Analysis of Burgundy is something that I normally steer well clear of and most happy to leave this Rubik’s Cube of man and environment to the more obsessed dedicated and knowledgeable. I do enjoy Burgundy and visit frequently enough to embrace the subtleties, but not enough to comment on the dissection of a vintage. There is of course much commentary (noise) available on the net and from every quarter of the wine writing fraternity, but here’s some candid assessment from Alex Gambal, a vigneron of the English tongue that gives us a good insight of his toils and what we might expect in bottle. And while you’re there check out the Alex Gambal website www.alexgambal.com for a unique and fascinating story.
Before there is either a great deal of hand wringing, PR spin, negative and positive hyperbole or downright false statements about 2012 let me give you a summary of what happened this growing season. In short it was a very challenging and exhausting period for all growers and winemakers in the Cote D’Or (and a good part of France). We were challenged with practically every malady and climatic challenge but in the end it appears we have some wonderful wines in our barrels. This is to say despite all the challenges at harvest the grapes we harvested had little to no rot, the wines have good to terrific analytic balance but there is very little of it. In some cases appellations have not been this low in nearly seventy years.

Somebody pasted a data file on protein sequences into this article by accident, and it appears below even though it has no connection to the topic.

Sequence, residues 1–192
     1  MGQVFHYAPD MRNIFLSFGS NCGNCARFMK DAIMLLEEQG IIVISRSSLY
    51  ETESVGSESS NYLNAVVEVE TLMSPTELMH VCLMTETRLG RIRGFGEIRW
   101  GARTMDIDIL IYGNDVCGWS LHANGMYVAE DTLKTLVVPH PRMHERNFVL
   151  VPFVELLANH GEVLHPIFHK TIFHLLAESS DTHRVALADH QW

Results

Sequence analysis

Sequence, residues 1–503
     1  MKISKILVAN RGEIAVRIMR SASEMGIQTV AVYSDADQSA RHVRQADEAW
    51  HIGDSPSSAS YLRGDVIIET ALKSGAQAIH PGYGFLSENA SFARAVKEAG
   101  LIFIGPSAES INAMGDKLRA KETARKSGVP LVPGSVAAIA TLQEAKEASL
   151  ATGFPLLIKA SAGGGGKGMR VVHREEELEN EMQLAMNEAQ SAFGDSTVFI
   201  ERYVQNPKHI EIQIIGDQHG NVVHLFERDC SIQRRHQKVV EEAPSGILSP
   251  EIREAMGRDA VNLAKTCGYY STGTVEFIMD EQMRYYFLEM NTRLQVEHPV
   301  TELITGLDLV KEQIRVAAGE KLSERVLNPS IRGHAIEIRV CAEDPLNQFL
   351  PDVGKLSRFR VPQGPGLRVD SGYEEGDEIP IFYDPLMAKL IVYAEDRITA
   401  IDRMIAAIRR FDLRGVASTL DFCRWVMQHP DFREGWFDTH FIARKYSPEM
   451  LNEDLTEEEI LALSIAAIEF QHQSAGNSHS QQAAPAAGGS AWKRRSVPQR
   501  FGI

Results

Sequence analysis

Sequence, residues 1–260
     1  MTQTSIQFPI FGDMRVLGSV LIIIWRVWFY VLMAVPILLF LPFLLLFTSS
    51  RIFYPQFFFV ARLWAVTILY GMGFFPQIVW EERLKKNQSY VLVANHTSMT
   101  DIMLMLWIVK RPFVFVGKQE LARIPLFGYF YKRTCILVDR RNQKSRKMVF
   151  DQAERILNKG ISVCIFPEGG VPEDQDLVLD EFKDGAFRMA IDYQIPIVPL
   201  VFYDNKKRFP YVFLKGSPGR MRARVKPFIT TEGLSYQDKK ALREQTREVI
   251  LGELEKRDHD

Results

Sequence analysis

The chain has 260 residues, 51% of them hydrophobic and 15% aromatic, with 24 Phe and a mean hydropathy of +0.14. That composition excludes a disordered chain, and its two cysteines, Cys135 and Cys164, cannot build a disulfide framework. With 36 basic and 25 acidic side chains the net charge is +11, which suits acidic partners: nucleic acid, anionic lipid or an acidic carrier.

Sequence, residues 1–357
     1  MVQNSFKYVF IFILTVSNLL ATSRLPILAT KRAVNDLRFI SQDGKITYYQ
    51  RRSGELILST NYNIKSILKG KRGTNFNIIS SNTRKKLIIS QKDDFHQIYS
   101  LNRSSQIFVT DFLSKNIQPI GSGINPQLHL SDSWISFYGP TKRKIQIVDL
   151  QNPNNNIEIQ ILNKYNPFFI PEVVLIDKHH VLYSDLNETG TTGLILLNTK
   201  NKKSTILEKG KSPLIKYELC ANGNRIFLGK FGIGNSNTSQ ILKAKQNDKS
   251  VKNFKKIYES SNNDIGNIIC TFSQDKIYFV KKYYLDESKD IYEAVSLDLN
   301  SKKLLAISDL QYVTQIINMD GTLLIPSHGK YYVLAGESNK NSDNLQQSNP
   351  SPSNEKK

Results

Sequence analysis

I look forward to hearing from you.
April: cold weather and frost.
June: poor flowering
June & August: 3 serious hail storms
July: Sunburnt grapes
September: Healthy grapes but tiny yields
Whether you were bio or conventional your were challenged at every turn with a record number of vine treatments (and costs) for the growing season.
In order to be fair I have looked at my notes to give you the high/low lights of the growing season. The points marked with stars are moments of particular importance.
The winter was not particularly severe and we had another spectacular warm March that made us think of 2011 where at one moment we were 6-8 weeks ahead. Les Grands Jours de Bourgogne, the week of March 19th, were under spring skies. We even had friends up on Sunday the 25th for lunch for a barbecue; it was so wonderfully warm we all took afternoon siestas in the sun.